I talked a bit in my post, Letting Go, about our recent attempts at getting rid of things that we don’t love, need, use. What if you love something, but it exists in such tremendous quantities that something has to be done about it? Christmas ornaments come to mind, but I’ll save that for a different post because what I want to talk about is my children’s artwork.
Let’s say we don’t put a crayon into our child’s hand until they are a year old (it was earlier than that for us!). That means that, when I began my decluttering adventure, I found roughly 8 years’ worth of artwork (combined total for two children) in a giant stack in my basement. We do craft projects nearly every day, and they spent part of every day of their preschool lives doing craft as well, so you can see how quickly that can multiply. Each piece is unique, captures their developmental milestones in visual format, and, especially now that my son writes “To Mommy” on almost every piece, is very difficult to let go.
And yet, I could not justify taking a three-foot stack of kids’ artwork to Helsinki with us. What to do, what to do? I turned to the “Reduce, Reuse, Recycle” mantra for help with this tricky situation!
I was able to immediately reduce the giant pile-o-pictures by pulling out some nice ones and sending them to out-of-state relatives. This made me feel good because I was sharing part of my children’s experiences with them, and they were appreciative too!
I’ve already blogged about Zero-Waste Wrapping Paper, but it’s worth mentioning again. Larger paintings, especially those that come from easel paper, make great home-made wrapping paper. Not only does it add a personal touch to your gifts, but it doesn’t contain the heavy metals present in many commercial wrapping papers and can, therefore, be recycled. Double bonus.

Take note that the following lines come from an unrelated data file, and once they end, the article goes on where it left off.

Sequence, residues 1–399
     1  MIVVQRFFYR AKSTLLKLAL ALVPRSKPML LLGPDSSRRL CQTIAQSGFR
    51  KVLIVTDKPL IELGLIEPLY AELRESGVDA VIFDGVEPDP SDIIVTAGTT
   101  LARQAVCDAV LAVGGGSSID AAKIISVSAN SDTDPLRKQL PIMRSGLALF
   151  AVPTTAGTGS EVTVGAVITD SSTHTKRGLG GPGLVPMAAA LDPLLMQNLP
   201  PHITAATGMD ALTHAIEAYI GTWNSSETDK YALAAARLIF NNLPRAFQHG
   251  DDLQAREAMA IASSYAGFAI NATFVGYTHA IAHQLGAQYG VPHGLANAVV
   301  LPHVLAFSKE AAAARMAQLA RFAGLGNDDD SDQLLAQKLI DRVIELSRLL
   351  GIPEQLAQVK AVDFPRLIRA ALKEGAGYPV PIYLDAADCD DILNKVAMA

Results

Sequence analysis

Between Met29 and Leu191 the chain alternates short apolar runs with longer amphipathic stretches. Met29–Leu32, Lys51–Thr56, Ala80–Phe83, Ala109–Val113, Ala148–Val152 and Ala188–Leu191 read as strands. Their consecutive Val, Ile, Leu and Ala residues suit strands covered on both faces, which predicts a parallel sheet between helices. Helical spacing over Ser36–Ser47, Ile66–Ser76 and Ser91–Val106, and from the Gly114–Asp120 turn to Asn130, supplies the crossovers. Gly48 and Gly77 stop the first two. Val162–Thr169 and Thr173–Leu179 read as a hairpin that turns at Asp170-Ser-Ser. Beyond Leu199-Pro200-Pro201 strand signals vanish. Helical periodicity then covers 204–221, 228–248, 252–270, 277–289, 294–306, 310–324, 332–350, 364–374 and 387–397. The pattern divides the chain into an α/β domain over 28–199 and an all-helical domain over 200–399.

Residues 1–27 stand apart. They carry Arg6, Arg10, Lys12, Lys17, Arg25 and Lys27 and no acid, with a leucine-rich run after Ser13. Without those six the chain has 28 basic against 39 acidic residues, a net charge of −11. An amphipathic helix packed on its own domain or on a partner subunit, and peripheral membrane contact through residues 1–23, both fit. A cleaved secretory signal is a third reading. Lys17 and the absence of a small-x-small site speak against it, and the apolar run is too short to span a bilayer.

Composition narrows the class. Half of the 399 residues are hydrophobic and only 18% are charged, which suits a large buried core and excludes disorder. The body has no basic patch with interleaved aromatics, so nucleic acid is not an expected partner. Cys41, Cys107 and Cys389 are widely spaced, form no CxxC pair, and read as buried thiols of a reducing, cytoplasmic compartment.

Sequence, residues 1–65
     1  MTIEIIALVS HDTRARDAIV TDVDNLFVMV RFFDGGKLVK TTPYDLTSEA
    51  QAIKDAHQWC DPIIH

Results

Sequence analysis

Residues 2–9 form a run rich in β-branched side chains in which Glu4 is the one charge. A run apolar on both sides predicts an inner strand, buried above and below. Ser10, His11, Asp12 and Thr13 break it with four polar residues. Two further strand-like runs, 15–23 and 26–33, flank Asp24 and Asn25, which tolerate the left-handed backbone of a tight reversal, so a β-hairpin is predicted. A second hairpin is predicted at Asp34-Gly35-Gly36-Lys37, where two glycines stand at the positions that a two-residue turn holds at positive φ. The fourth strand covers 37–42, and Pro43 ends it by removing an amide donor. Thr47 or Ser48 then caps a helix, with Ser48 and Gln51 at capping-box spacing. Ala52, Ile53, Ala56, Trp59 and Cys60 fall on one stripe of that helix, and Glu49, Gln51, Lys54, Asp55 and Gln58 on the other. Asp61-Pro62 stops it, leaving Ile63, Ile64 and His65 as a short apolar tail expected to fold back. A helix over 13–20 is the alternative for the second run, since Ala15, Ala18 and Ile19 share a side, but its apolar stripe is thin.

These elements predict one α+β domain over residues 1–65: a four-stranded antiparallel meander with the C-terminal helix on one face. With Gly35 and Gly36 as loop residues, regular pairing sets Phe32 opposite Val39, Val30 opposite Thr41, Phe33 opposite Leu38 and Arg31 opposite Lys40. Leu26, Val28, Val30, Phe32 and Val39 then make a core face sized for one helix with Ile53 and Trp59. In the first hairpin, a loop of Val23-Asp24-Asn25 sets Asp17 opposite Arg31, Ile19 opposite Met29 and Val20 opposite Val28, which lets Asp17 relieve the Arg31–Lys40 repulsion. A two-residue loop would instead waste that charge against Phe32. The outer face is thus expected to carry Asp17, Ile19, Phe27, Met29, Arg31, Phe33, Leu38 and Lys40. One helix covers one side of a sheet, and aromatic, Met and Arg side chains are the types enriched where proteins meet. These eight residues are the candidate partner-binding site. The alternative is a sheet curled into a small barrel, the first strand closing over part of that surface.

Note to pack-rats: Do not fool yourself into keeping a life-time supply of child art for wrapping paper. Only keep enough for a month or so, or one major holiday at most, because you know they’re going to keep painting more!
Recycle, But Scan First!
Once you’ve sent some of the artwork on and set aside enough to wrap a holiday’s-worth of present-wrapping, it’s time to recycle 95% of the rest. Yes, I kept a small file-folder of items from the 8 years of artwork: Gabriel’s first rainbow painting, Lily’s first flower, a special drawing of Grandma, Gabriel’s first picture of our family.
But before I recycled, I took photos and/or scanned in the best ones and plan to keep those digitally for posterity. We have a combo printer/fax/scanner that is amazingly high-quality for the price, but I also took digital photos of anything too big to fit on the scanner bed. The photos are slightly lower-quality than the scanner, even with my 12.1 megapixel camera, but are good enough that I could easily put together a photo book for each child sometime in the future if I wanted to (and I do!).
I’m also planning to publish a digital album of their work so that friends and family can see the art they create in Finland. There are so many free services out there for digital storage these days (Picasa, Facebook, and Evernote just to name the ones we actively use) that it makes sense to store things this way instead of on CDs or even a disk drive that might contribute to your clutter.
So how have you found creative ways to declutter? I’m always looking for new ways to simplify!